Why can’t people just be nice? Why on earth would someone hack into and splice a children’s video with images of a cartoonish but terrifying character that is poised to star in their nightmares? What in the world would entice people on a game forum to instruct or bully children into harming themselves? Just. Why. I never intended to write a post like this, I hate that I even have to. However, this past week I have been inundated with stories such as these and their real world impacts. It breaks my heart. So I’m doing it. Let’s talk about how to do your gosh darned best to protect your kiddo online.
There is a ton of controversy over “screen time” I’m not going to spend a lot of time on that, but here is a good article if you’d like to know what is currently recommended. It is my opinion that less is better. Your kids want your time and attention more than they want anything else. That being said, I understand that “screen time” is real and here to stay, and that there are real benefits to it. Pros and cons! Here are some of my suggestions for how to both prepare your children for the online world and how to respond if the online world treats your kiddo badly.
~Don’t make assumptions about content. Here’s the tough lesson we have all learned lately. Just because something is on a forum we use a lot or because it seems familiar, it doesn’t mean it’s totally legit. Research which apps are safest, how to block out content not appropriate for children and review everything before you give them access. It’s more work, but that way you will have seen what your child will be seeing.
~Watch with your child. I get this is not always possible (especially if they are watching “Baby Shark” for the millionth time in a row) but this can be a nice break for both of you. Talk about what you watch with your child and ask them questions “wow! They are swimming so fast! Where do you think they’ll go next?”. It’s great bonding that increases their vocabulary and critical thinking skills.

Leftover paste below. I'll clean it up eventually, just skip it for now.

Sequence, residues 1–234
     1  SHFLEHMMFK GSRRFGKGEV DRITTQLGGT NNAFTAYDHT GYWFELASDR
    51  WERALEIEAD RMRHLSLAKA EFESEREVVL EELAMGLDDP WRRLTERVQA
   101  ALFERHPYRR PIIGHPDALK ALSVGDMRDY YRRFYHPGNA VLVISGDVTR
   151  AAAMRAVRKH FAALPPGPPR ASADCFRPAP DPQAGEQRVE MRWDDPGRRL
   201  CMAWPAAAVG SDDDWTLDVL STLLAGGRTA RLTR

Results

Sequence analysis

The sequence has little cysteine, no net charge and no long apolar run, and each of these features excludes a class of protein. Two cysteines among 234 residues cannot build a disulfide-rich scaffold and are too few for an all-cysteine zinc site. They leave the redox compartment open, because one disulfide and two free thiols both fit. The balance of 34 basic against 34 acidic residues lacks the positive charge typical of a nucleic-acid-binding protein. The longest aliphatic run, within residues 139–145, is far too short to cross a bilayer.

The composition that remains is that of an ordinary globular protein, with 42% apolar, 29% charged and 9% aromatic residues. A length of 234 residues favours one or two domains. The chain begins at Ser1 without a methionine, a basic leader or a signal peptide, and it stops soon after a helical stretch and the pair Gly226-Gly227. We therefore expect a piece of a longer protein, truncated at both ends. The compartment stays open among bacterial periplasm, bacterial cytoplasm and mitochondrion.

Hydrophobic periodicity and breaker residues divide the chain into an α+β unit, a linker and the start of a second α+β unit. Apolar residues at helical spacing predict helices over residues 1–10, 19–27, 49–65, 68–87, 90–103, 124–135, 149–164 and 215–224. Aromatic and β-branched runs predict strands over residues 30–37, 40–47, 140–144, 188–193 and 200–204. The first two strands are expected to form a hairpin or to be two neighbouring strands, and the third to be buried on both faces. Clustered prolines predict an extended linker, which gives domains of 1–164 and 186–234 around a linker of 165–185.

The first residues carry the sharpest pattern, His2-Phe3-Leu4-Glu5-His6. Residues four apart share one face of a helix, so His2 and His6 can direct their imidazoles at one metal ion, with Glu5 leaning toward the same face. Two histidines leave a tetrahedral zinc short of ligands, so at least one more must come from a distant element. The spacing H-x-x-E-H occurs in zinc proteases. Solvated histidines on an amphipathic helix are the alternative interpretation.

~ Remember that devices and screen time are a privilege, not a right. I don’t like thinking about them as a “reward” but they can be something your child can earn, or lose depending on rules in your home and you are the gatekeeper who manages their access. It’s ok to say “no” to various apps or forums. It’s ok to be the administrator who holds the password. It’s ok to say when and for how long they get to use them.
~ If your child has been a victim of online bullying, harassment, or unwelcome content there are signs to look out for. Sleep may be disrupted, or there may be a fear to sleep or do other things that weren’t previously an issue. Your child may become preoccupied by a topic or begin playing in an aggressive or unusual way. Your child may be more irritable, distracted, or restless. Your child may begin asking questions or making statements that seem too mature (or just out of character) for them. Any major or sudden changes in basic skills (such as eating, toileting, doing things alone, etc) emotions, or behaviors should be paid close attention to.
~ Talk to your child. Tell them what your noticing. Assure them they will not be in trouble if they saw something online that is making them upset. Talking about it helps. If they struggle, name something that scared you or made you upset in your childhood and how you handled it. Tell them that you are going to help them through this because what happened is not ok and not their fault. Remind them that everyone gets scared sometimes and it’s good to have help when they’re afraid. Reassure them that things they see online are often not real, or often wrong, but understand that their fear or sadness is real. Ask them how they think you can work together to solve their problem. It may be something fun like inventing “monster spray” that you spray in their room before bed time so that they won’t have nightmares. Or dressing up like superheroes and running around the house, warding off “bad guys”. It may be having them carry around a favorite stuffed animal to the bus because they are afraid to be on the street. Maybe it’s writing down everyone in the real world who think they’re amazing. Whatever it is, your presence and assistance is critical to them moving through it. During this time, be more vigilant-don’t allow them to go online without you and if they need the light on to feel safe enough to sleep, let them. This should not last long, but if the fear seems to be sticking around for more than two weeks, it’s time to seek out help. To being safe online and everywhere!